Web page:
A proposed battery manufacturing plant in Pikeville will be delayed by at least a year after the company discovered problems with the planned construction site that could cost $30 million to fix, officials said Thursday.
“The project can’t stomach $30 million in soil work,” Enerblu President and CEO Daniel Elliott said at a Southeast Kentucky Chamber of Commerce luncheon Thursday.
The company is reviewing its options, but has not found a way to construct its facility in Pikeville’s industrial park, a reclaimed coal mine near the city, Elliott said.
“We’re trying like hell,” he said. “It’s a lot harder than we thought.”
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In late 2017, Enerblu announced it would employ 875 people at its proposed $372 million battery manufacturing plant. Officials then estimated the plant would open in 2020, but Elliott said Thursday that the company now hopes to open the plant in 2021 given the delays at the site.
He said Enerblu could employ about 1,000 people in Pikeville, but said that figure could climb as high as 1,500.
The company relocated its headquarters and staff from Riverside, Calif., to Lexington last year.
In addition to delays in Pikeville, the company has yet to acquire permits for a smaller warehouse and research facility planned in Lexington.
The company had hoped to acquire the necessary permits in November 2018 but faced delays, and is now further delayed due to the government shutdown, Elliott said.
“How far we’re pushed out, I don’t know yet,” he said.
The proposed battery factory isn’t the first project to run into extra costs to build on a reclaimed surface mine.
Federal officials said in April 2000 that the cost to prepare a former surface mine in Martin County for construction of a federal prison would be $40 million, making it the most expensive site ever for a U.S. prison.
Contractors reportedly moved more than 3 million cubic yards of dirt and rock and drilled hundreds of holes to stabilize building sites. Even with that, the Herald-Leader reported in 2002 that a 100-foot tall guard tower at the prison tilted a few inches and another building had sunk slightly.
In another case, the newspaper reported a company called Trus Joist McMillan spent $1 million to dig down far enough to get firm footing for its wood-products factory in an industrial park created on a former surface mine in Perry County.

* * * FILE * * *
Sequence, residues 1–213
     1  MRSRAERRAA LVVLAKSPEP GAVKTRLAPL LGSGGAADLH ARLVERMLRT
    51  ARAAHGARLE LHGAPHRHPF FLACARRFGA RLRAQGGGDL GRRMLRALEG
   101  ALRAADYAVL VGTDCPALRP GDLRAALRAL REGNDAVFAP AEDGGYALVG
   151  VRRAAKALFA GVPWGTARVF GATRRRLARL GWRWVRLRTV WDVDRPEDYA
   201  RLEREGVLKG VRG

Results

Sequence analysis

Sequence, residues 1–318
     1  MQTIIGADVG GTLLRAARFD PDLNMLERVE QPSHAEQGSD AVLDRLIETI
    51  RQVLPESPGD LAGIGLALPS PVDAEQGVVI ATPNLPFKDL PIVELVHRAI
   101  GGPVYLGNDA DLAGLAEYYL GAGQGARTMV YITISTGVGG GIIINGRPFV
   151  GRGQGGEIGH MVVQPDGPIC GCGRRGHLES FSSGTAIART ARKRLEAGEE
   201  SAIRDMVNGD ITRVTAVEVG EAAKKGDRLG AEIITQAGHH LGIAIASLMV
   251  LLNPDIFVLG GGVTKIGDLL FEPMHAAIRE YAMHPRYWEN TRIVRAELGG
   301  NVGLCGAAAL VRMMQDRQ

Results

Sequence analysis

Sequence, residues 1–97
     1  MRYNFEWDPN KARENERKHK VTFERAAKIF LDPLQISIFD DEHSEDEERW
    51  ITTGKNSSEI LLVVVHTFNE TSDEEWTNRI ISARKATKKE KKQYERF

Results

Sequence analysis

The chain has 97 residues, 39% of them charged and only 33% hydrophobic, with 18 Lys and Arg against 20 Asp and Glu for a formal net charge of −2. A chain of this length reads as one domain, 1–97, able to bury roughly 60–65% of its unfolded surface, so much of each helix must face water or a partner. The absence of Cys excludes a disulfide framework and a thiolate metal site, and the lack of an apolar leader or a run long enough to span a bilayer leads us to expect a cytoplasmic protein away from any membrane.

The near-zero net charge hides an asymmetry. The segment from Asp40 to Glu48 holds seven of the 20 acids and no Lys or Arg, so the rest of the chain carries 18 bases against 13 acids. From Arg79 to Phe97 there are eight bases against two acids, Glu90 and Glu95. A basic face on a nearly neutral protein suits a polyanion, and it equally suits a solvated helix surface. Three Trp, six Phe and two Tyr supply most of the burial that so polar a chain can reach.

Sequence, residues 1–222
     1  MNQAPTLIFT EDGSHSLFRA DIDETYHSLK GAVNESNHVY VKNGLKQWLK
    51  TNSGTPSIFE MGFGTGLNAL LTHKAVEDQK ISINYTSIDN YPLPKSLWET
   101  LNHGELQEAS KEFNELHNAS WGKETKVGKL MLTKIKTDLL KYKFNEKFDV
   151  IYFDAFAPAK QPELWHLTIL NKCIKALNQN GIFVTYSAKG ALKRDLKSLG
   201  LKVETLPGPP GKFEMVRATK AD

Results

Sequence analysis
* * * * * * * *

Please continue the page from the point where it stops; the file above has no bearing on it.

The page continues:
The proposed high-tech greenhouse, AppHarvest, also abandoned its plans to build on Pikeville’s industrial park after reportedly running into problems building on the site.
In August of last year, Gov. Matt Bevin and U.S. Rep. Hal Rogers announced a $6 million grant from the Kentucky Energy and Environment Cabinet’s Division of Abandoned Mine Lands to help Enerblu get up and running.
The company’s decision to locate in Pikeville brought high praise and hopes from elected officials working to help the region bounce back from a sharp decline in coal jobs.
Ray Jones, who was then the state Senate minority floorleader and is now the judge-executive of Pike County, called Enerblu’s commitment a “game-changer not only for Pikeville and Pike County, but for the entire region.”
Bevin called the project “transformative,” and Rogers said “we’ve dreamed about this day.”
Over the past eight years, Eastern Kentucky has suffered from a dramatic decline in coal production and employment, which had sustained its economy for decades.
In 2012, there were more than 11,000 coal jobs in Eastern Kentucky. In the third quarter of 2018, there were about 3,800.
Elliott said his company still plans to move forward and find solutions for the Pikeville project.
Phil Elswick, Pikeville’s city manager, said the city will “work through any development issues as they come up.”